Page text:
Plaidneck

Tag: Back in my day (page 2 of 2)

Shoe Sizes

Canadian shoe sizes have changed.

All my adult life, I’ve taken a size 11. Size 11 in oxfords by a top Canadian maker (nolonger in business); size 11 in military oxfords (issued to me for use with a Pipe Band); size 11 in sports shoes (cleats for various sports; runners, walkers, trainers, etc); size 11 for work boots.

Recently, over a somewhat poorly remembered time period, because shoes last and I’m not chasing fashion anymore, things have changed. A size 11 seems OK until it’s been walked in for a while then it’s a bit too small.

I finally noticed that what is advertised in big print as an 11 is an “11 US”; a 10 ½ UK and 45 European. I went on line to check this out and found that the listing for Canadian size is now the same as the US.

Incidently size 11 UK which used to be the convention we followed. Who decided that our shoe sizes were to shrink to the US sizing and that produce advertising etc. should use this smaller size?

When we are celebrating the War of 1812 (where our winning part was to stay out of the United States) why are we cow-towing by giving up our shoe sizes and adopting the US? It isn’t the Free Trade agreement as Mexico uses an entirely different sizing system.

When a change is made, lets make the full change. Somewhere there has to be a shoe sizing convention that is based on the SI system of measurement. If we are to make a change:

1. Don’t ape the US
2. Don’t adopt a convention that has same numbers for something we learned as a different size
3. Make a real change. Find a sizing convention that is rational, means something other than an arbitrary number and is hopefully based on actual length (hopefully in SI units).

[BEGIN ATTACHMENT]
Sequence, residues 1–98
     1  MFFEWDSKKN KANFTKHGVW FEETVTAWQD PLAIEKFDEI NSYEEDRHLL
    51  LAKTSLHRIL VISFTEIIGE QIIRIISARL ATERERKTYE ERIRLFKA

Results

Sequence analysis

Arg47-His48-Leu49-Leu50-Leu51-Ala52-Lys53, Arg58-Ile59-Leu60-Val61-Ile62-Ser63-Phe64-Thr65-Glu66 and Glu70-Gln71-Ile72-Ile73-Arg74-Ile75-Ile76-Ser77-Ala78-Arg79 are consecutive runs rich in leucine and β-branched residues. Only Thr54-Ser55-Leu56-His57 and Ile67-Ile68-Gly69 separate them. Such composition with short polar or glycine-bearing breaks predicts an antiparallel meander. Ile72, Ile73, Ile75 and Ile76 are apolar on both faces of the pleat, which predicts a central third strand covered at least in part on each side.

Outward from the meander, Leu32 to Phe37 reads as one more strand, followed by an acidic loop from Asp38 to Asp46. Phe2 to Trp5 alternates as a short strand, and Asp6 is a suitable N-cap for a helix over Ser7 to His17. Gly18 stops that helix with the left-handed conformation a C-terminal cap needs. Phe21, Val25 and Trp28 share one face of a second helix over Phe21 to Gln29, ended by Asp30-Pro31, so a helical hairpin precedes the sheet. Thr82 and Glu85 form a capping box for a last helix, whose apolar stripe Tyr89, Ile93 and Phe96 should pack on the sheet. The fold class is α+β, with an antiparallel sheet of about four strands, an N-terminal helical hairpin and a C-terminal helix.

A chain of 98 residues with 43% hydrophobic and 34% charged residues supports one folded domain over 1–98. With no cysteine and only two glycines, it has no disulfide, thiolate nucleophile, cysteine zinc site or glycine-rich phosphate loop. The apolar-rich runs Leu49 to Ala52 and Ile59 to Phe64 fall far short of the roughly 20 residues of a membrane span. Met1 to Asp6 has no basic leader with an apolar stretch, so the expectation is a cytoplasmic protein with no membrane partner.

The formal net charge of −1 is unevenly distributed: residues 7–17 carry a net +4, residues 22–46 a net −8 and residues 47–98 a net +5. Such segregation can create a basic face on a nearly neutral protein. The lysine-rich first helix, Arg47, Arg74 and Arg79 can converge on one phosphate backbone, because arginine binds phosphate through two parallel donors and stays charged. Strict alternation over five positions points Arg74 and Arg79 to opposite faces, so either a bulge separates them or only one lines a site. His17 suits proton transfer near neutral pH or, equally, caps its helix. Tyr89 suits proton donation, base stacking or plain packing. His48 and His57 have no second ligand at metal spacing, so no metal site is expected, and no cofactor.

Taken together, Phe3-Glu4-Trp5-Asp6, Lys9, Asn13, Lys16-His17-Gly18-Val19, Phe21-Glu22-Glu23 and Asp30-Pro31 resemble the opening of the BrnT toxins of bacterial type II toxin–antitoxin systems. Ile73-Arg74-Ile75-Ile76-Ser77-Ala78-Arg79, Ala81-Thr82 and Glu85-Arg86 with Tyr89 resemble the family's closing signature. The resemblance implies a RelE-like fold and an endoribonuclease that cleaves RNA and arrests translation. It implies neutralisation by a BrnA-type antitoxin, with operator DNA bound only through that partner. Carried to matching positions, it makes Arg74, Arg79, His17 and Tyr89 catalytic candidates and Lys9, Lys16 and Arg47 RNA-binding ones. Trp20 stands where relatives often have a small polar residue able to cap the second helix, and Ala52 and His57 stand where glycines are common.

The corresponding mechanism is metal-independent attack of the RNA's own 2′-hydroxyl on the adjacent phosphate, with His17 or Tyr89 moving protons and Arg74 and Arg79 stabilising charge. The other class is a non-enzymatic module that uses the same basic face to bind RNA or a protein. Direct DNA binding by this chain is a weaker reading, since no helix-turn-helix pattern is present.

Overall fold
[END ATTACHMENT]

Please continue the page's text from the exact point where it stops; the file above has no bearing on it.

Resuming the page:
The Plaidneck

Why do we hear about the start of school adnauseam?

It’s now September. All the media are harping on the return to school.

Summer’s over, vacation is over, the fun ends, time to get back to work.

I was in the “transportation” business. The organization I worked for did not take Summer off. We built, repaired, restored and maintained. This work started pretty well as soon as the frost was out of the ground and will continue until pavement temperature is too low for asphalt to stick.

I will admit to being a CBC listener, but I’ve never had Burkenstocks, rarely eat granola and am not a leftist leaning pinko. However, CBC radio (I get TV over the air; their TV signal doesn’t reach here), CTV news and local press have been going on and on about getting back to school and getting back to real work.

Is it because the chattering class has really done nothing but go to school (or worked in an environment that apes school).

Think about it. Journalism is now taught in school. There is little evidence of the up through the ranks reporter. Those days are over. The prospective journalist now attends elementary, secondary school and either college or university. They all operate on the Fall, Winter, Spring model. Tasks are listen, do assignments and take the summer off. Work becomes listen, do assignments (write, produce, report) and when summer comes take vacation or cover people vacationing.

If the work of those of us keeping things going gets any publicity, it’s for the inconvenience presented to vacationing traffic.

Professional Engineers have a ceremony that taps into a poem by Rudyard Kipling. The Poem is “the Sons of Martha” (see http://www.online-literature.com/donne/920/ ). I’ve always liked the first and last verses.

There is more to life than school. It’s OK to report it, but please, some balance. There are lots other things/events going on.

The Plaidneck

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